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Old 5th January 2007   #1
Join Date: July 2005
Posts: 1,784
Default Diet pills exposed as hoaxes

Undoubtedly, many of you have heard the widely-publicized news that a slew of over-the-counter "diet pills" have been exposed as complete rubbish by the FTC; furthermore, that the makers of these starvation-inducers "duped consumers with unscientific lies"; and finally, that these companies have been forced to pay $25 million in fines, for their false and misleading advertising (i.e., claiming that the products work, when if fact, they don't).

We do not wish to link to any of the articles about this phenomenon, as these reports identify the products by name. Society being what it is, this could function as unintentional "advertising" for some misguided individuals, encouraging them to purchase these products, even though they have been completely debunked as frauds.

However, the choicest quotations from the related news coverage include the following witty statement,

"It is resolution time again, isn't it?" said FTC Chairman Deborah Platt Majoras. "We're implementing our resolution to fight back against companies that use deceptive advertising claims."

as well as this comment, slamming celebrity shilling for diet-pill manufacturers:

"Testimonials from individuals are not a substitute for science," Majoras said. "And that's what Americans need to understand."

The latter point has a relevance outside this specific topic, and is a fine indictment of modern celebrity culture in general.

Forum reader Nikki G. has also directed us to this fascinating article, recording some of the rightly indignant reactions of New Yorkers to this news. "They are all gimmicks," one woman is quoted as saying of the debunked products, and another exlaims, "They [diet pill companies] racked up a lot of money on things that weren't working."

Perhaps the most significant comment, however, is the following, from the same article:

"I can see how women with self-esteem issues can fall prey."

That is exactly the issue. The real problem is not that these starvation pills don't work, or even that their manufacturers have engaged in false advertising. (The weight-loss industry is corrupt and pernicious to its very core--what else could one expect of them?) It's that women have been duped into pursuing figure-diminishment in the first place.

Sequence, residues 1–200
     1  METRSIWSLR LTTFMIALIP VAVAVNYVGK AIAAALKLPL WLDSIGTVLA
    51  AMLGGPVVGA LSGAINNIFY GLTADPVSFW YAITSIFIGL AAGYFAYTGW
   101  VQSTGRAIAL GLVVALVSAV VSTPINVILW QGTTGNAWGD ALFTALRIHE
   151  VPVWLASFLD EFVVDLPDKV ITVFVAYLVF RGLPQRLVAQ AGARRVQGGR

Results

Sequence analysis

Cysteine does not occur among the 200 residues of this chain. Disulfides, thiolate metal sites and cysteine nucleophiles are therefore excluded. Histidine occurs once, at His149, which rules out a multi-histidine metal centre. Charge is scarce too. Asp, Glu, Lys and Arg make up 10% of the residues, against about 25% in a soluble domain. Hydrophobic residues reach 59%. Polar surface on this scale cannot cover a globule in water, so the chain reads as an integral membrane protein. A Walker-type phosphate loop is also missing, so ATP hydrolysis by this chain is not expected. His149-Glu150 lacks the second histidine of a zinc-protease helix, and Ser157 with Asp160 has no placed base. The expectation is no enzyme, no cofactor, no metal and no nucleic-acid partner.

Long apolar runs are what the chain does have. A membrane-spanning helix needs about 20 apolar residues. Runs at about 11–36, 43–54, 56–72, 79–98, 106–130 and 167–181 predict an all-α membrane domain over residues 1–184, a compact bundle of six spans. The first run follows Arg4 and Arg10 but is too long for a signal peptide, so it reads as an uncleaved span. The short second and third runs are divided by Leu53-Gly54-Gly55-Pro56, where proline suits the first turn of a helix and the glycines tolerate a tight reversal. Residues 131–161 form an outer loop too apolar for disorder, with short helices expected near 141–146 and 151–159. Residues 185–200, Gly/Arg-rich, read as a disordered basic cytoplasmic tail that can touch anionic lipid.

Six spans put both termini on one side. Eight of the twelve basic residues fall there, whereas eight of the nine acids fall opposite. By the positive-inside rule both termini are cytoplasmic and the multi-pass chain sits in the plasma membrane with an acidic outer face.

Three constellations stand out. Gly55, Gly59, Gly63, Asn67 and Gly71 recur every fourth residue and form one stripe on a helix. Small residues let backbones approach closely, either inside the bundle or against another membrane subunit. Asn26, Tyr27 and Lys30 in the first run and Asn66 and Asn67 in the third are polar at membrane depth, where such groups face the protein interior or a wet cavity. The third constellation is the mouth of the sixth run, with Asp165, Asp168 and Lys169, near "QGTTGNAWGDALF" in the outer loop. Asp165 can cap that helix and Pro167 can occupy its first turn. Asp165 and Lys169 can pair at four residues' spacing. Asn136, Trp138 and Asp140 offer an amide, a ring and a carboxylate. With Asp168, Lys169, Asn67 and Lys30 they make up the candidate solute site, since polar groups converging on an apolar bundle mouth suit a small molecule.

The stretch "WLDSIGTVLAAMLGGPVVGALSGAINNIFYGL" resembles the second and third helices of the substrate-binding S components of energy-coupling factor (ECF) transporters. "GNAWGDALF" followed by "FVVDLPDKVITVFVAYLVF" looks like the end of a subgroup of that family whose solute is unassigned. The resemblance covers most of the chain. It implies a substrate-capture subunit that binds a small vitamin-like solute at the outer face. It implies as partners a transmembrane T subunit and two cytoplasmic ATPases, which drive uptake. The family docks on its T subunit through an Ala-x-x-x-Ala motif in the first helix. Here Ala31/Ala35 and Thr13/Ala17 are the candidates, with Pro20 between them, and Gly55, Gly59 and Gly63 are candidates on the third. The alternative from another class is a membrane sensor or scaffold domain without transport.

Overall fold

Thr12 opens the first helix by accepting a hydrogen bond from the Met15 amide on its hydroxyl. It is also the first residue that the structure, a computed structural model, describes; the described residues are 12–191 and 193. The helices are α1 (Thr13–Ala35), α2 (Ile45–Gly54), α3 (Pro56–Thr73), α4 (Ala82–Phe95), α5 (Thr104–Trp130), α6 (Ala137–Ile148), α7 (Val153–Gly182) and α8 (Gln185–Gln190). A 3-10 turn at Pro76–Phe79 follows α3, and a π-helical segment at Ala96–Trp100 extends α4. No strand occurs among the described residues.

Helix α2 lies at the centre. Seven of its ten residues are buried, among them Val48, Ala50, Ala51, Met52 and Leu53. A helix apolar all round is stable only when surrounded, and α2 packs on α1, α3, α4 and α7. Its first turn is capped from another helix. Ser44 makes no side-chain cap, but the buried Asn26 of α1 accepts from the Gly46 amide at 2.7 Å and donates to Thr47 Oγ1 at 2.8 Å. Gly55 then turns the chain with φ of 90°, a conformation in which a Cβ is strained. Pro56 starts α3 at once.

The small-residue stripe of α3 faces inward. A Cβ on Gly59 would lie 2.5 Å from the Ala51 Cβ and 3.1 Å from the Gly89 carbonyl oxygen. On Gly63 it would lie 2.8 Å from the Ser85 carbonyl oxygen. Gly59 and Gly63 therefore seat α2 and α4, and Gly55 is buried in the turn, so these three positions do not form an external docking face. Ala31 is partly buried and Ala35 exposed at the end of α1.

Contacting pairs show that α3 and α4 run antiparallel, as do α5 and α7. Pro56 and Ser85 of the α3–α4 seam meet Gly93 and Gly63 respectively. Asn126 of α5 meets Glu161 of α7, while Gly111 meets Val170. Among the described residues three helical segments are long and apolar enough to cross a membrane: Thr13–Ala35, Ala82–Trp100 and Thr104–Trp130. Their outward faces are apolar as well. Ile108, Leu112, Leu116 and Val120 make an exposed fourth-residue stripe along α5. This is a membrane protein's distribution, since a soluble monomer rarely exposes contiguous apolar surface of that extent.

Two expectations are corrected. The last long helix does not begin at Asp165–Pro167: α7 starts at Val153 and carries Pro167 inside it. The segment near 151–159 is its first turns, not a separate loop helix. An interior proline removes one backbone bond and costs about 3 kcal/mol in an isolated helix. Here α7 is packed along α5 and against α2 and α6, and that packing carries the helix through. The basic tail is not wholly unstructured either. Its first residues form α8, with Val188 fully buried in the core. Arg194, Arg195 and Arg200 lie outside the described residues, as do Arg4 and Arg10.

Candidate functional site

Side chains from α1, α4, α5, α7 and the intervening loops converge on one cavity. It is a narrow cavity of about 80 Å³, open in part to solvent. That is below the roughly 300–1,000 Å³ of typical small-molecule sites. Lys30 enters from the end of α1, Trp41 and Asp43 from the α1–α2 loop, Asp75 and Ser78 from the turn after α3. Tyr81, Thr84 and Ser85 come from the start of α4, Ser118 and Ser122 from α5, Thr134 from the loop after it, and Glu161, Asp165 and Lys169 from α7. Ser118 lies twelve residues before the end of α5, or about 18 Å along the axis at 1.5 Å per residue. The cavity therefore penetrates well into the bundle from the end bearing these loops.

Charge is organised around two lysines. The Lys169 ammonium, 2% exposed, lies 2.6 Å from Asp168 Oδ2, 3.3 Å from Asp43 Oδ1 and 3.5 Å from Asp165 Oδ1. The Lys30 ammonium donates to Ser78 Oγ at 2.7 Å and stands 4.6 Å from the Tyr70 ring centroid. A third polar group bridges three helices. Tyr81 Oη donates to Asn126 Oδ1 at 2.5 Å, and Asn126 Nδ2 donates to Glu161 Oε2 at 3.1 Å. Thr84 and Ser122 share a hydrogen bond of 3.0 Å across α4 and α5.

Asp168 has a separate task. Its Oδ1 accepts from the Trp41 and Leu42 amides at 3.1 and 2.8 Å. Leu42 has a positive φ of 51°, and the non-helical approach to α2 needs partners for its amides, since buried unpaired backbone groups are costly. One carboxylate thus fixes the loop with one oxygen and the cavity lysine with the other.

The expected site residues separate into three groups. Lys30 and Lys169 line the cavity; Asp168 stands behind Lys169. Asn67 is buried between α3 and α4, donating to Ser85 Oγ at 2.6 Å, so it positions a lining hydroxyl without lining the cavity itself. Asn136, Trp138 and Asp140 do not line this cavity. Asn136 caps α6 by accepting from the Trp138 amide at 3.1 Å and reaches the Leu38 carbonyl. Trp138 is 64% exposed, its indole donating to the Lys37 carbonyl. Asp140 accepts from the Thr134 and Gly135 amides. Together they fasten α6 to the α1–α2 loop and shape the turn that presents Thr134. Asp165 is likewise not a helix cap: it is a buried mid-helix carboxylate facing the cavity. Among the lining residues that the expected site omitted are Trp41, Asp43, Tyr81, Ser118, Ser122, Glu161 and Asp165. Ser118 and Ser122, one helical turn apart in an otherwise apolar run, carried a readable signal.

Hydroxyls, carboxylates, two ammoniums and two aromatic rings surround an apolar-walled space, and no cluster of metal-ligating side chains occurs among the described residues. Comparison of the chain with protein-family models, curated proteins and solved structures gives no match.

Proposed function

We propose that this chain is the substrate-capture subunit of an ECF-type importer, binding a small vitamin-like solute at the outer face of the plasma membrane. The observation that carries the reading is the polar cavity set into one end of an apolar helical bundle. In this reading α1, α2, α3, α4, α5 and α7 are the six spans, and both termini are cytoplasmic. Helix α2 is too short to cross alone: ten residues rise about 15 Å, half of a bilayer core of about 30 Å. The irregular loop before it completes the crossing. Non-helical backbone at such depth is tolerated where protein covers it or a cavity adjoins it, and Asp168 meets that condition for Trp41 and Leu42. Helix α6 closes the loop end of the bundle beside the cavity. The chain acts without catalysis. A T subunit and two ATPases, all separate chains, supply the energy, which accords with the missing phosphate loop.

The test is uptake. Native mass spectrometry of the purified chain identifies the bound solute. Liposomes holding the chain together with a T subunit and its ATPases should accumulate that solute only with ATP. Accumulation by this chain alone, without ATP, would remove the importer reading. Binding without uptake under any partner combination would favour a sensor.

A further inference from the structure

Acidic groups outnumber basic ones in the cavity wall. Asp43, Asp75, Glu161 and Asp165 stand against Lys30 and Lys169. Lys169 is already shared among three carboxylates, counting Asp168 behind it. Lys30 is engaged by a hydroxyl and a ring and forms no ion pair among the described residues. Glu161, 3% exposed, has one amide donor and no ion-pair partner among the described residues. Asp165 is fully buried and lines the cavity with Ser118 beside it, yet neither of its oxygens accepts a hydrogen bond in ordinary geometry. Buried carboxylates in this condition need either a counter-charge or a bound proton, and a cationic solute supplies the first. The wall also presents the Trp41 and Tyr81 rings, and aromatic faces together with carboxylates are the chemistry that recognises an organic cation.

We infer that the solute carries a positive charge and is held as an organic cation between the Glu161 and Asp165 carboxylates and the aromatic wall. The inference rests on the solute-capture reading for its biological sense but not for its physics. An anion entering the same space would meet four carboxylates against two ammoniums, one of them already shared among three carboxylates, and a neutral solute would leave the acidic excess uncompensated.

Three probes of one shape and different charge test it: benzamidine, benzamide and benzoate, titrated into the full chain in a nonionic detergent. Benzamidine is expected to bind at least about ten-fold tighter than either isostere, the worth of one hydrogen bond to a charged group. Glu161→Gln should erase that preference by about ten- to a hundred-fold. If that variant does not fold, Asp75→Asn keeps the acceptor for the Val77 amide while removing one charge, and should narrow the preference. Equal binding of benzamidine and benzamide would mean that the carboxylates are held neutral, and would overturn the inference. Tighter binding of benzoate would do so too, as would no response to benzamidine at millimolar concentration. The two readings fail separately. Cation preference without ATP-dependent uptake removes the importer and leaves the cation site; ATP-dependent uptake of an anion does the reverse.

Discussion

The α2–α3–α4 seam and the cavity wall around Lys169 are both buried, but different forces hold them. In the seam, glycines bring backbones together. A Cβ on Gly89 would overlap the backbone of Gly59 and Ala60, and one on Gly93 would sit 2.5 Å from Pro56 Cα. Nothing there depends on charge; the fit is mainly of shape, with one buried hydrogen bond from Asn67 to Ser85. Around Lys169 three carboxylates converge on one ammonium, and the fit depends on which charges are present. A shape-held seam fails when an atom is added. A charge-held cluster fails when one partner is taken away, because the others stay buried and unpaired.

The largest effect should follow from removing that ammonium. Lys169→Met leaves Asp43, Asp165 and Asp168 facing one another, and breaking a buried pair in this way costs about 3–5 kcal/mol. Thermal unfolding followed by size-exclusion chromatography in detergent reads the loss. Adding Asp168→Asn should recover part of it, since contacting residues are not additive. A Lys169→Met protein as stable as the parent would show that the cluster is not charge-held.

The real quandry is that women have been led to believe that starving themselves, and achieving a scrawny appearance, will somehow make them more attractive--when it fact, it will have the opposite effect.

What sober individual, free of media brainwashing, could possibly think that resembling skeletal, skull-faced Kate Moss could in any way be more attractive that resembling soft, curvaceous, well-fed beauties, such as Barbara Brickner, or Christina Schmidt, or Charlotte Coyle?

When the timeless ideal of full-figured beauty is finally restored, women will be impervious to the lies of diet profiteers, no matter how deceptive their promotions will be, for they will know that their generous physiques are natural works of art.

After all, there is only thing that a goddess can consume to increase her beauty, and that is . . . dessert.

Barbara looking especially luscious in a new image at Nordstorm, in one of the most attractively feminine pieces the company has yet produced:

- Ruffle Silk Blouse (ideal goddess-wear)

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Old 6th January 2007   #2
M. Lopez
Senior Member
Join Date: August 2005
Posts: 587
Default Re: Diet pills exposed as hoaxes

It's also sad and frustrating to think that any women would actually spend their money on things like this, or on any method of figure diminishment. What a waste!

I mean, think about it: actually handing over your hard-earned capital for things that will only make you feel miserable, and look worse (even if they worked at all - which they don't).

Paying to suffer. It's madness.

There's a whole world of things for a woman to spend her money on, every one of them a thousand times better than self-punishment strategies. If she wants to look better, she can buy cute fashions, or vibrant cosmetics, or a romantic hairstyle. Those things will make her look and feel better about herself, and she won't have to starve in the process.

Beyond that, there are so many fun things in life to try: dinner at a new restaurant, movies, music, books, jewellery. Life is short. Live it up! Don't waste your time and money torturing yourself. What kind of life is that?

And by the way, I think that top is gorgeous, and Barbara looks breathtaking in it. I love the romantic ruffled look, and I'm delighted to see a new example of it. I hope more styles like this are on the way. They make curvy girls look adorable.
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